President Donald Trump said US military generals have told him that they think the massive explosion that rocked Beirut on Tuesday, killing more than 70 people, was likely a bomb.
"I've met with some of our great generals and they just seem to feel that this was not some kind of manufacturing explosion type of an event ... They seem to think it was an attack. It was a bomb of some kind."
The explosion flattened much of a port and damaged buildings across the capital, sending a giant mushroom cloud into the sky. The death toll, which currently stands at more than 70, and more than 3000 others were injured, with bodies buried in the rubble, officials said.
Hours later, ambulances still carried away the wounded as army helicopters helped battle fires raging at the port.
The sudden devastation overwhelmed a country already struggling with both the coronavirus pandemic and an economic crisis: Beirut hospitals quickly filled beyond capacity, pleading for blood supplies and generators to keep their lights on.
Lebanese officials earlier said the cause of the blast, which sparked fires, overturned cars and blew out windows and doors, was not immediately known.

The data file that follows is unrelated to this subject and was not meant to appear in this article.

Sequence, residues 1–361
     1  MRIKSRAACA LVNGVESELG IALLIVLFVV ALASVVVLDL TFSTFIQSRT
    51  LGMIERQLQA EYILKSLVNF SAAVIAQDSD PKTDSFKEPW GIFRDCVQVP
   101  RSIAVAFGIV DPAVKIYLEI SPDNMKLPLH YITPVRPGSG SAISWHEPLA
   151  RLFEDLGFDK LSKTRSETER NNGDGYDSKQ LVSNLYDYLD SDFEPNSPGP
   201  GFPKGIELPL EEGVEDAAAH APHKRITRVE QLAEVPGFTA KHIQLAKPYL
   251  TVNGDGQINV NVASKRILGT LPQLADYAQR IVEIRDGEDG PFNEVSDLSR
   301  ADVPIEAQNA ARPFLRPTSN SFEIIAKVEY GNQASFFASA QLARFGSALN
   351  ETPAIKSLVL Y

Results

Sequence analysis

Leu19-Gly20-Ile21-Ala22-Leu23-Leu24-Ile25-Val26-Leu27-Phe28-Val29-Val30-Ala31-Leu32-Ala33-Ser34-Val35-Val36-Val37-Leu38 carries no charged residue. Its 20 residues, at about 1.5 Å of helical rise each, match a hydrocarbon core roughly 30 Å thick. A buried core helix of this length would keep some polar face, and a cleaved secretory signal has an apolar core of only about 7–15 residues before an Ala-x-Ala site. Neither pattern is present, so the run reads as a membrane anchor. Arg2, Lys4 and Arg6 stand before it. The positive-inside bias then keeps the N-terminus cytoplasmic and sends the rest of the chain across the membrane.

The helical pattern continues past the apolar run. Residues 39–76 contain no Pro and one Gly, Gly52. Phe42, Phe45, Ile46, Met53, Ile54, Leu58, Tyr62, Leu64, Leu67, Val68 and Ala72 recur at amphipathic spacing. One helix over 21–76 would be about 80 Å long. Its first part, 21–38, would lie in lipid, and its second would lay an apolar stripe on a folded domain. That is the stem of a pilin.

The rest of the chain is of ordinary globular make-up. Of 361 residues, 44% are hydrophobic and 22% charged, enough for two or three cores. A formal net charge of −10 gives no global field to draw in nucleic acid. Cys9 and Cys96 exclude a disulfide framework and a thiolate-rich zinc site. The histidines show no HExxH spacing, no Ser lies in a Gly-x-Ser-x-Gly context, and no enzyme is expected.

Abbas Ibrahim, chief of Lebanese General Security, said it might have been caused by highly explosive material that was confiscated from a ship some time ago and stored at the port. Local television channel LBC said the material was sodium nitrate.
Witnesses reported seeing a strange orange-coloured cloud over the site after the explosion. Orange clouds of toxic nitrogen dioxide gas often accompany an explosion involving nitrates.
An Israeli government official said Israel "had nothing to do" with the blast. He spoke on condition of anonymity because he was not authorised to discuss the matter with the media. Israeli officials usually do not comment on "foreign reports".
The blast was stunning even for a city that has seen civil war, suicide bombings and bombardment by Israel. It could be heard and felt as far away as Cyprus, more than 200km across the Mediterranean Sea.
"It was a real horror show. I haven't seen anything like that since the days of the [civil] war," said Marwan Ramadan, who was about 500 metres from the port and was knocked off his feet by the force of the explosion.